Rich and Pure

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1 John 4:1-10

1 The love of God is greater far
than tongue or pen can ever tell;
it goes beyond the highest star,
and reaches to the lowest hell.
The wand’ring child is reconciled
by God’s beloved Son.
The aching soul again made whole,
and priceless pardon won.

O love of God, how rich and pure!
How measureless and strong!
It shall forevermore endure—
the saints’ and angels’ song.

The lyricist grasped the intention of all-knowing God in the words of this beautiful hymn. Motivated by His love, God sent His Son – His only begotten Son to earth. What does begotten mean? It means of the same substance; in will and character, wisdom, power, and love Jesus is His Father in human form. His knowledge is perfect and all-encompassing – He is omniscient. Therefore it fascinates me that Jesus, knowing His end from His beginning as a human baby in the manger, knew He would face pain and suffering as well as rejection and ridicule. Yet He came!

So many people are seeking for meaning and purpose in their lives today. Jesus didn’t have that struggle. His earthly journey was set on course before the foundation of the earth. Born out of pure love, He faced His destiny for your sake and mine – as the lyricist said…He came to reconcile each wandering child to God.

Do you realize your destiny and mine have been shaped by Almighty God? We have been made in His image, given the capability to be as effective as He is, if and when we make Godly choices. Through Jesus Christ as our Lord we may be filled with the love of God which has been captured by the lyricist in our song. Rich and pure, God’s love flowing through us to others forms the basis of reconciliation. Those who truly love can be trusted, just as God is trustworthy! Gone are the problems of hatred, anger and revenge! Jesus, by coming to earth, has shown us the better way.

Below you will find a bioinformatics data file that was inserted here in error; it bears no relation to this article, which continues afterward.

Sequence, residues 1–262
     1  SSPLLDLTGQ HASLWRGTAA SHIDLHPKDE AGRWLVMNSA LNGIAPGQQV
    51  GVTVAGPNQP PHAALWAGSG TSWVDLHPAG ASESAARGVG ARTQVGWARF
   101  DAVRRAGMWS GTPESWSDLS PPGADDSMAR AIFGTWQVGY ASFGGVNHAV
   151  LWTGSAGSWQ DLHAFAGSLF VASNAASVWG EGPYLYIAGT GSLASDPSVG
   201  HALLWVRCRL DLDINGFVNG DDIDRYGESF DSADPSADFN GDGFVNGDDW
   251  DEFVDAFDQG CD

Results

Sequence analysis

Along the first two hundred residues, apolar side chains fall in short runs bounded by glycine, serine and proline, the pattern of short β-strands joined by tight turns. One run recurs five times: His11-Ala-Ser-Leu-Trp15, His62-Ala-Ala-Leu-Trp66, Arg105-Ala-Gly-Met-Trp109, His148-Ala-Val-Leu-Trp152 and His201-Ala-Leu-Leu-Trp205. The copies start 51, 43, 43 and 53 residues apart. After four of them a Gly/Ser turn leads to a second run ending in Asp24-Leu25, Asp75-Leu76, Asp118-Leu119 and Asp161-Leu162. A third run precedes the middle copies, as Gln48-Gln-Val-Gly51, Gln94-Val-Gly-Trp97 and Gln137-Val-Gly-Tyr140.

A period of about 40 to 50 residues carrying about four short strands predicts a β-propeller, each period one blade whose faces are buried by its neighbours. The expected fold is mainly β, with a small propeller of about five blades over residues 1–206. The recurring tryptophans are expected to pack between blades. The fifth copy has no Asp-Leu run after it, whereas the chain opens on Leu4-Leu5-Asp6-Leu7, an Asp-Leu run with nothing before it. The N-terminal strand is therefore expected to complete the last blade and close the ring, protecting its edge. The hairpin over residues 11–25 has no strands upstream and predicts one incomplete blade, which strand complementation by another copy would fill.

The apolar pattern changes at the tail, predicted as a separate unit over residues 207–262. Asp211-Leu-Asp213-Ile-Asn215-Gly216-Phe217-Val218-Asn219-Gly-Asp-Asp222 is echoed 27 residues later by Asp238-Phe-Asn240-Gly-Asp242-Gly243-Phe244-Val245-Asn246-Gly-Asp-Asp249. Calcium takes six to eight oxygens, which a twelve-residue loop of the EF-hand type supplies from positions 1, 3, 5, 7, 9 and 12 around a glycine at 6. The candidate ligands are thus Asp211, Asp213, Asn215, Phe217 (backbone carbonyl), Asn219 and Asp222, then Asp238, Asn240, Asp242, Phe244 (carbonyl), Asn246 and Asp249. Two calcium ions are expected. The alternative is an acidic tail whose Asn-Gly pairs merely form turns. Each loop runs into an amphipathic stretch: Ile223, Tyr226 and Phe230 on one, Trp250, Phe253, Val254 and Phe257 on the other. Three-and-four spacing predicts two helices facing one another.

Our scripture cautions us to test every spirit (1 John 4:1) – the question is “Does love prevail?” If so, we know it is pure because “Everyone who loves has been born of God!” (1 John 4:7). There is security in love that is trustworthy! This is the promise of God, heart to heart: “This is love – not that we loved God, but that He loved us and sent His Son as an atoning sacrifice for our sins!” (:10). Sometimes we put the onus on the seeking person but that reverses the Divine order. “While we were still sinners” (Romans 5:8) God worked a miracle, drawing us to Himself through Jesus Christ our Lord! We cannot be bearers of Divine love without God at work in our lives.


Is there anything better to equip us for relationships with others, than the pure love of our heavenly Father? His love not only enriches our experience with others, but glorifies our perception of holy God!

Everyone who truly loves others “has been born of God and knows God” (1 John 4:7). The truth continues to reassure us: “Greater is He that is in you, than he that is in the world” (1 John 4:4).

by Marilyn Daniels (


Standing on Holy Ground

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Exodus 19:10-25

Moses was instructed by the Lord to prepare the people to meet with Him. God was in the business of restoration. “Now if you obey Me fully, and keep My covenant, then, out of all the nations you will be My treasured possession” (19:5). First He called them to remember the recent events which had brought them safely out of Egypt. God describes it: “I carried you on eagles wings, and brought you to Myself” (19:4). He had revealed His power by rescuing them from slavery, and now He becomes very personal. His plan is for a relationship. “Although the whole earth is Mine, you will be for Me a kingdom or priests and a holy nation” (19:6).